“Your faith has saved you” (Luke 17:19).
The Church provides two sets of readings for today, one suitable to the Thanksgiving holiday and the other for the ongoing apocalyptic themes emphasized as we end one liturgical year and approach Advent. In Luke 17, the leper who returns to give thanks is praised; In Luke 19, Jesus weeps over Jerusalem. Our reality is always a mix of light and darkness, hope and trouble.
The November 22 date is seared into the memories of a generation – the day President John Kennedy was assassinated in Dallas in 1963. For many of us it seemed like the end of the world. The country entered into a long period of shock and introspection, and a feeling of lost innocence pervaded everything. And though this was hardly the first time violence defined either our domestic life or our foreign policy, the decade had begun with such a spirit of optimism and idealism. It would end witnessing the horrors of the Vietnam War, a string of assassinations and the bloodiest phase of the Civil Rights movement.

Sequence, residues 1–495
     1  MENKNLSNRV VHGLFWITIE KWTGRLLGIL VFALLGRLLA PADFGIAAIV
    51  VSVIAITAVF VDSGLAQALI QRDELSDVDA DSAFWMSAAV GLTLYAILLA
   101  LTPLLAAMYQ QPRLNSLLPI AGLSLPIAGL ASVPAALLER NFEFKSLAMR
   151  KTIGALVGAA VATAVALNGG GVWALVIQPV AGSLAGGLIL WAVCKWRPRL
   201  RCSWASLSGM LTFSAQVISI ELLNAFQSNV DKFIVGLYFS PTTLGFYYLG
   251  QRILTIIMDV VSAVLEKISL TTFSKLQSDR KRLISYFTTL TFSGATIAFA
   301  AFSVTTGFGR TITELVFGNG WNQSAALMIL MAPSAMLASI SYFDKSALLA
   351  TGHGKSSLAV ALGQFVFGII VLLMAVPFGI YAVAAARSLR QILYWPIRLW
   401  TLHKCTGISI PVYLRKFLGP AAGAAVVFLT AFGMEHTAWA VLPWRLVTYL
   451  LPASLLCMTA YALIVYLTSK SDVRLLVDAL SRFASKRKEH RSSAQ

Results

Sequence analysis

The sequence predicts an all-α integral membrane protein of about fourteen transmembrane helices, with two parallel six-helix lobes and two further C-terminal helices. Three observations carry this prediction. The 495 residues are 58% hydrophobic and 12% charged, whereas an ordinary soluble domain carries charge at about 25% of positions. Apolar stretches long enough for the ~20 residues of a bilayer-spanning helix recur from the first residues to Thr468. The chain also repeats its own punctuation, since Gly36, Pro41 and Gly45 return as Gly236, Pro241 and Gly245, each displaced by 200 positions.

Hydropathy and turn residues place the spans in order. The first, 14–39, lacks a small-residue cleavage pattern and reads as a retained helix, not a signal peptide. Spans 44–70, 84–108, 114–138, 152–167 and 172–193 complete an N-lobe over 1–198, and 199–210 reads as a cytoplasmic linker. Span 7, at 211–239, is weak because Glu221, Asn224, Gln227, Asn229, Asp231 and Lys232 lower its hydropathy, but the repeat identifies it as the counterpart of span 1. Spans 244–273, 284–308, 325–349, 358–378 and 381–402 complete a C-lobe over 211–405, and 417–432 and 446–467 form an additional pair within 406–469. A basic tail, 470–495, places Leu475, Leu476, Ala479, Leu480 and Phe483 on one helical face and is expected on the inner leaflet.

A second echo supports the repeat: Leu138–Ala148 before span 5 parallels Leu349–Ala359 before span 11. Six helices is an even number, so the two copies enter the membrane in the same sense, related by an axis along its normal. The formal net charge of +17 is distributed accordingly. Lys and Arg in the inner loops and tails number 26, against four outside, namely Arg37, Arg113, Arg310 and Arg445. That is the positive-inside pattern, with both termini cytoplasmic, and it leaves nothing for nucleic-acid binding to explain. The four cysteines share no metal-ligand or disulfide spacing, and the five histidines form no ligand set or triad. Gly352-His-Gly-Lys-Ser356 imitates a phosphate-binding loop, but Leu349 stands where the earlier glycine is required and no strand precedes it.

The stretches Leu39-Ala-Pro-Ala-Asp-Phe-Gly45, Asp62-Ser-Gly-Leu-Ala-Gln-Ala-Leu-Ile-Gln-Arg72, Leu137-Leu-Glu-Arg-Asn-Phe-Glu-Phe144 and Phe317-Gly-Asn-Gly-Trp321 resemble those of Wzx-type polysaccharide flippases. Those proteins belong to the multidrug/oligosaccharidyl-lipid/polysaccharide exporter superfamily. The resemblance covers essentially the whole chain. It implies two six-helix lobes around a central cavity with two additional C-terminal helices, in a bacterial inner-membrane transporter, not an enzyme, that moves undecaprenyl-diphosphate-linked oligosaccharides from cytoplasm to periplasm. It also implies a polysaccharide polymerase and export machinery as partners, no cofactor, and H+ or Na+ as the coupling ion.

Almost 50 years later, another young president oversees a faltering economy and a global “War on Terror’ fought with immense blood and treasure and scores of pilotless armed drones roaming the world in search of our enemies. Hope and despair define the world with disproportionate force inflicted by fate and design on the poor and displaced. We are right to stop to count our blessings, which include the tears of Jesus over us and our cities, a continuous baptism to cleanse us of sin and lead us to conversion. Our faith has the power to save us, but we must first live it.